public IConnector OutgoingConnector { get; set; }
        public NetworkCredential OutgoingCredentials { get; set; }
        public WebProxy Proxy { get; set;}
        public string BaseUrl { get; set; }
        public ILog Logger { get; set; }
    }
}

The configurator

The configurator is more complex so let’s look at the interface first. It is the list of items that we saw in the first entry. It is important that this interface is as expressive as possible for helping setting up a profile of settings. In this case, you might note that only have one method each for the incoming and outgoing connectors rather than defaults. That is because I would expect people to ignore setting this up explicitly unless they require it. This is implicit knowledge that may be better handled in other ways. There are some others I’ll leave for now.

  using System;
  using Core;
  using log4net;

  namespace Core.Configuration
  {
      public interface IAppConfigurator : IDisposable
      {
          void IncomingConnector(IConnector connector);
          void OutgoingConnector(IConnector connector);
          void BaseUrl(string url);
          void BaseUrlFromDotNetConfig();
          void UseCredentials(string username, string password);
          void UseCredentialsFromDotNetConfig();
          void RunWithNoProxy();
          void RunWithProxyFromDotNetConfig();
          void RunWithProxyAs(string username, string password, string domain, string url);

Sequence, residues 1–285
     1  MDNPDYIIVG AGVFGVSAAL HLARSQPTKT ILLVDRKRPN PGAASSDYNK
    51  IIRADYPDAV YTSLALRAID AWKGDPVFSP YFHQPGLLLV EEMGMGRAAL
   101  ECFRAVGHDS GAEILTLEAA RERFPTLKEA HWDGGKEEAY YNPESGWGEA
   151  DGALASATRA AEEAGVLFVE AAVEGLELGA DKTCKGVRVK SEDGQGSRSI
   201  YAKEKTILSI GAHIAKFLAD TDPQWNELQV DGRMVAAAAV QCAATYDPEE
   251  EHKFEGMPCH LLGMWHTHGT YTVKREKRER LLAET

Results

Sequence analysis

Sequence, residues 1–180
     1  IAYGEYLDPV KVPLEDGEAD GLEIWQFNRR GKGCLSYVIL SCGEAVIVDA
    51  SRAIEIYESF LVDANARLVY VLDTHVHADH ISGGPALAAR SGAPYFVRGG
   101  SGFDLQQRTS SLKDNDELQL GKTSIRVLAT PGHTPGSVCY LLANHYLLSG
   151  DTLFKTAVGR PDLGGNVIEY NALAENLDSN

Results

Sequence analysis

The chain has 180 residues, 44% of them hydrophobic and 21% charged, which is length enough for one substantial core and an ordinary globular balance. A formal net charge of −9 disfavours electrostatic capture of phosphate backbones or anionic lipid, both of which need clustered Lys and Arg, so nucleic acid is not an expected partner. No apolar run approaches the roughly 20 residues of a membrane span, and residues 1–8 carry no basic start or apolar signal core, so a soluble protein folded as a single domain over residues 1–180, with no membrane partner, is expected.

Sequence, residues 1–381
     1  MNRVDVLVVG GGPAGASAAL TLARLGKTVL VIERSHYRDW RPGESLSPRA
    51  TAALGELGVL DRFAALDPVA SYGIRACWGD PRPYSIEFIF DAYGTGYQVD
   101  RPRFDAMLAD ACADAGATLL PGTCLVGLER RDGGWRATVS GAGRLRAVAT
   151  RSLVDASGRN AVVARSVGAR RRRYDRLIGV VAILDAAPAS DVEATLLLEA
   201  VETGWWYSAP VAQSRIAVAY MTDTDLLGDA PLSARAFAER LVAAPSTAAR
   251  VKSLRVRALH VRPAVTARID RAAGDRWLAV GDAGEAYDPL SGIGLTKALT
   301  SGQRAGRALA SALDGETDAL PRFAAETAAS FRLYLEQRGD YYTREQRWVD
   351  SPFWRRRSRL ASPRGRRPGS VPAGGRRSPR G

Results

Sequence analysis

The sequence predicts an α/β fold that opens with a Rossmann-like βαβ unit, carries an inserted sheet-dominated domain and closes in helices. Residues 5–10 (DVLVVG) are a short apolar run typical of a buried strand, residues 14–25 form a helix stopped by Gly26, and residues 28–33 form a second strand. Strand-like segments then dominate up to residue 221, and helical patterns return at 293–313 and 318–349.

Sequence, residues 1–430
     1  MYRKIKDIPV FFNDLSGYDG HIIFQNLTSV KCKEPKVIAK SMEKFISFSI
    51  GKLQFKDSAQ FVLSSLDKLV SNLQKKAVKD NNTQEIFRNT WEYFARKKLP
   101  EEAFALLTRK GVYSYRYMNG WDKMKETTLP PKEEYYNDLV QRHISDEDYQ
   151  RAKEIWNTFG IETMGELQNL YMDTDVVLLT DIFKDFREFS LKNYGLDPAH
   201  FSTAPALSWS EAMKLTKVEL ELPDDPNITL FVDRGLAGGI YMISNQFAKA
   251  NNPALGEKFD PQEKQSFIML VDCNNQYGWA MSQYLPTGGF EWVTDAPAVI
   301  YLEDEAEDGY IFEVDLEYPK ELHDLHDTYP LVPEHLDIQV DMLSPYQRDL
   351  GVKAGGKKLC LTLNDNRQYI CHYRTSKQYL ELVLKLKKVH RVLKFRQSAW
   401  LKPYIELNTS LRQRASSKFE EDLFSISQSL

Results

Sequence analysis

void UseLog4Net();
          void UseLoggerCustom(ILog logService);
      }
  }

Now that you have seen the interface and hopefully have that in your head, now we’ll look at the implementation because this is the guts of the DSL. Don’t be surprised when you see that there really isn’t anything to it. All of the members which are implementing the interface in this case merely update the configuration. Have a read and I’ll explain the main simple twist after the code.

  using System;
  using System.Configuration;
  using System.Net;
  using log4net;

  namespace Core.Configuration
  {
      public class AppConfigurator : IAppConfigurator
      {
          private NetworkCredential _credentials;
          private WebProxy _proxy;
          private string _url;
          private ILog _logger;
          private IConnector _incoming;
          private IConnector _outgoing;

          AppConfiguration Create()
          {
              var cfg = new AppConfiguration
                            {
                                IncomingConnector = _incoming,
                                OutgoingConnector = _outgoing,
                                Proxy = _proxy,
                                OutgoingCredentials = _credentials,
                                BaseUrl = _url,
                                Logger = _logger
                            };
              return cfg;
          }

          public static AppConfiguration New(Action<IAppConfigurator> action)
          {
              using (var configurator = new AppConfigurator())
              {
                  action(configurator);
                  return configurator.Create();
              }
          }

          public void IncomingConnector(IConnector connector)
          {
              _incoming = connector;
          }

          public void OutgoingConnector(IConnector connector)
          {
              _outgoing = connector;
          }

          public void BaseUrl(string url)
          {
              _url = url;
          }